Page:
Representatives of the Polish wind offshore industry aren’t happy with the recently adopted amendment which regulates the certification of offshore wind farm projects in Polish maritime areas.
Oliwia Mroz from Polish Wind Energy Association told EU Reporter that the new amendment introduces an excessive burden on investors with its new certification system.
“According to the content of this regulation, not only the offshore part of the investment (foundation, turbine, offshore power cables) is to be subject to certification, but also the onshore part of the power evacuation infrastructure, including the section of the onshore cable and the substation located onshore. Nowhere in the world do such regulations apply, neither in emerging nor in experienced markets”, she went on to say.
The office of the Polish president sees things differently. In a press release issued last Thursday the certification system offers “appropriate mechanisms for supervision over the design, construction and operation” of wind farms and equipment.
The three types of certificates representing the bone of contention between industry and decision-makers fulfil the following roles: a design compliance certificate confirming the compliance of the construction project with technical standards to be met by a wind farm; a certificate confirming the compliance of the construction process with the construction project; and a certificate of operational safety, confirming the completeness and correctness of documentation in the field of proper maintenance and servicing of an offshore wind farm or set of devices.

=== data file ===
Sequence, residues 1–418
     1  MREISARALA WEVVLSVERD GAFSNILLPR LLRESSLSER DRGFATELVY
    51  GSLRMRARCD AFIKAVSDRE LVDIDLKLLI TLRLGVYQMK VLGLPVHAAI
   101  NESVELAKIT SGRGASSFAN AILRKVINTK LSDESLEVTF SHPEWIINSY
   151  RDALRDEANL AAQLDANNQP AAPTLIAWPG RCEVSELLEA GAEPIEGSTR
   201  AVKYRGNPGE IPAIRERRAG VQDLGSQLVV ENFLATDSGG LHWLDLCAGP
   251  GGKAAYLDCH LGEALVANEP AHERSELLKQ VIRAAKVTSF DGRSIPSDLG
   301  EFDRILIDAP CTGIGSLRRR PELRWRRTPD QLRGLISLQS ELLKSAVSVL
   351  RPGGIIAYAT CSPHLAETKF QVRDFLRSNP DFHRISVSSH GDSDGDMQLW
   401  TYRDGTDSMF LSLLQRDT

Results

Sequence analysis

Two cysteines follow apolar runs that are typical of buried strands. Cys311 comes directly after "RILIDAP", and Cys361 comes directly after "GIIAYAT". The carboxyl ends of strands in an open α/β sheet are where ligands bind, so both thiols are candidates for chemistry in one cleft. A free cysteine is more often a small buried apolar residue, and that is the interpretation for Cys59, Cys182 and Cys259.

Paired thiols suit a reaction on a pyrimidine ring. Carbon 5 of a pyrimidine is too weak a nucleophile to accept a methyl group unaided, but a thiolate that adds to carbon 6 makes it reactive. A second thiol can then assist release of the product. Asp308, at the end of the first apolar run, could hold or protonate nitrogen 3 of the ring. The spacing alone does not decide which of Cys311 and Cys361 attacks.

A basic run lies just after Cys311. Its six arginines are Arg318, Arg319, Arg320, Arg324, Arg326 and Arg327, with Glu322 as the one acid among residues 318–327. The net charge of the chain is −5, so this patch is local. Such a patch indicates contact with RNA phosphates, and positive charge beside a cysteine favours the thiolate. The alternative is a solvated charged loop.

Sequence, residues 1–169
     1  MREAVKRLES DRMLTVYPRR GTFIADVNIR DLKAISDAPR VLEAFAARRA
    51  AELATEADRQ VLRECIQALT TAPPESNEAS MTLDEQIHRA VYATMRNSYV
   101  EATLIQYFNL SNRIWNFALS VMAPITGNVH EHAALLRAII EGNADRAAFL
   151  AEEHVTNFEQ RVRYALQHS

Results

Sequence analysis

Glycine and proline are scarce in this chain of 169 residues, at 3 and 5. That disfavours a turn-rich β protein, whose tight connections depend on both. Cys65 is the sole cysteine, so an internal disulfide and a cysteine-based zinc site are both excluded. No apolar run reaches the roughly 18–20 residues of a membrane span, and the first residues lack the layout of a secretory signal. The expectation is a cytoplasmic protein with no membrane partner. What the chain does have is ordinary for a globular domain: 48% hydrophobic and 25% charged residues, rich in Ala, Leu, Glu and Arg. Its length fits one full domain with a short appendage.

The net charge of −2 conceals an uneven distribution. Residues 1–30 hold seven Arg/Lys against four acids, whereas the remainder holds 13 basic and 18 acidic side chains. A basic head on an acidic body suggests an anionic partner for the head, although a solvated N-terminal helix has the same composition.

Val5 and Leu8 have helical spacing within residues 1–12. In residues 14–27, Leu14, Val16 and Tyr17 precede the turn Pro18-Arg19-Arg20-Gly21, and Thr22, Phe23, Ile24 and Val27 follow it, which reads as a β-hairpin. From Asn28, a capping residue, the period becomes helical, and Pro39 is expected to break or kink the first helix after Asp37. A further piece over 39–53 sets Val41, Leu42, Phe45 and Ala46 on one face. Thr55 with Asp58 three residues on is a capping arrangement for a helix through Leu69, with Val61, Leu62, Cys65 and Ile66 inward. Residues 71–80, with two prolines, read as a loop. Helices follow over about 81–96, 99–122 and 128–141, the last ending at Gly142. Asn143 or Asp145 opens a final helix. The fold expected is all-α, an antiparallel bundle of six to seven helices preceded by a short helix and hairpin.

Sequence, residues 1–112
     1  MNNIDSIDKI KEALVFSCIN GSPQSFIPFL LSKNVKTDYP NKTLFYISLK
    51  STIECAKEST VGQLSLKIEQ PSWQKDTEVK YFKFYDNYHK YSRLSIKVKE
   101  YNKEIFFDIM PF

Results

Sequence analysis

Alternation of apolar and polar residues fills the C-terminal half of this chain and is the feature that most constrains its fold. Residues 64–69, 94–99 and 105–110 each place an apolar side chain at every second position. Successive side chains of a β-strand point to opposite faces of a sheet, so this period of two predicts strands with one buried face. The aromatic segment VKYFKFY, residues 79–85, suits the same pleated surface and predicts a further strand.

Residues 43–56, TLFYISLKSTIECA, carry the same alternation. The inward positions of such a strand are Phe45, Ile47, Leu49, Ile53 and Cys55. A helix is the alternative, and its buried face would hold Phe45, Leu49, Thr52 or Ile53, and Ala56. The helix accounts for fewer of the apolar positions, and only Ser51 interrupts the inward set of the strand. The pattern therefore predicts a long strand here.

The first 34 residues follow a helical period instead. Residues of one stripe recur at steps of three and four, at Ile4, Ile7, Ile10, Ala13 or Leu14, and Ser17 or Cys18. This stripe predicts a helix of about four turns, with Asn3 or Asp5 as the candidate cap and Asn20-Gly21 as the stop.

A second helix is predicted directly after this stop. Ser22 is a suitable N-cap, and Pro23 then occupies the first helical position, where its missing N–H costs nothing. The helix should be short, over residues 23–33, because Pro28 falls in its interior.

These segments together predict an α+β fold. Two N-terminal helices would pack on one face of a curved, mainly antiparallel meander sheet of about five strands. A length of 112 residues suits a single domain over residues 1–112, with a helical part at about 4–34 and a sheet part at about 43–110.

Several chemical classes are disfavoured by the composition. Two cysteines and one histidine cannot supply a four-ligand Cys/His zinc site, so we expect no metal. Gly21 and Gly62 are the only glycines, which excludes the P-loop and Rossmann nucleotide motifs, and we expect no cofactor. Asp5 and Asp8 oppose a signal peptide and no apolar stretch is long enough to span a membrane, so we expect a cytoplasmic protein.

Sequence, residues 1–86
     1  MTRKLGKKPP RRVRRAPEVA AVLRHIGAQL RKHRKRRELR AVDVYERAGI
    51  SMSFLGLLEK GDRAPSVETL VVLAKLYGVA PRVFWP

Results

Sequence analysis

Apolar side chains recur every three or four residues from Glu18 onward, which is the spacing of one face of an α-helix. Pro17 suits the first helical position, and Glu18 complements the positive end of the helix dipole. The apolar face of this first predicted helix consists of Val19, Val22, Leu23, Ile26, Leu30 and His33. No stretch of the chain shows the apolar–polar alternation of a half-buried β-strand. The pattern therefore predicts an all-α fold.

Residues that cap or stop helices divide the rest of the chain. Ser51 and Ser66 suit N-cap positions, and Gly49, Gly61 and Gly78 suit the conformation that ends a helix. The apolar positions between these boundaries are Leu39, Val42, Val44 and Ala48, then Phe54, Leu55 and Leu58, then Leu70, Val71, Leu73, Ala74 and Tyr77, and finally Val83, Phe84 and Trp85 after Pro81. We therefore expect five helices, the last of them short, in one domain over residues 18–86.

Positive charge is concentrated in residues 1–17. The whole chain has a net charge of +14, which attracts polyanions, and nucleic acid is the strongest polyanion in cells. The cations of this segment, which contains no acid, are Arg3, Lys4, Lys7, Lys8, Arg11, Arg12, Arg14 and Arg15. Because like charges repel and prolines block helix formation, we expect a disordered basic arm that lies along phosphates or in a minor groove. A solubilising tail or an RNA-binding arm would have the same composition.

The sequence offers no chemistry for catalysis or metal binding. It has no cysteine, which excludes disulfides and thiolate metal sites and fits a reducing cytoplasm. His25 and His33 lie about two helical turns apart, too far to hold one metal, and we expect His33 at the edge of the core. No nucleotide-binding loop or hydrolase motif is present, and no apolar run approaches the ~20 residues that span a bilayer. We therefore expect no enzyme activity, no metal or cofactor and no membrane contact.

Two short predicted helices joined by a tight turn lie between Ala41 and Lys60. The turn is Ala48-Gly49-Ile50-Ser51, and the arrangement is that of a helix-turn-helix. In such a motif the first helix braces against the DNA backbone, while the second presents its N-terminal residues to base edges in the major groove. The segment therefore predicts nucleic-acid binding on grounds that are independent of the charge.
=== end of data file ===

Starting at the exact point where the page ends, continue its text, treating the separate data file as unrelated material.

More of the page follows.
The first one is to be issued for an indefinite period, the second – for a period not longer than 5 years, and the third – for a period not longer than 5 years and will require renewal not later than 3 months before the expiry of the operational safety certificate.
The Polish Wind Energy Association an association which includes companies active on the wind energy market in Poland told EU Reporter that the certificates represent an excessive burden for the investor, as well as major organizational complications. This can translate into both the cost and timing of investments and the achievement of our country’s energy policy goals, PWEA told EU Reporter.
Poland changes the Maritime Safety Act
The amendment to the Maritime Safety Act signed by the Polish president last week will provide a new system used to ship power from an offshore wind farm to land in the Polish exclusive economic zone of the Baltic Sea.
This will modify regulations concerning the sea areas of Poland and the system of maritime administration.
To be more exact, a requirement has been introduced meaning that a new permit for the construction or use of artificial islands, structures and devices in Polish Baltic areas is now required. Also, the permit for devices used for power transport to the mainland may be issued only after the applicant fulfils preliminary conditions. The act is to enter into force 14 days from the date of its announcement.
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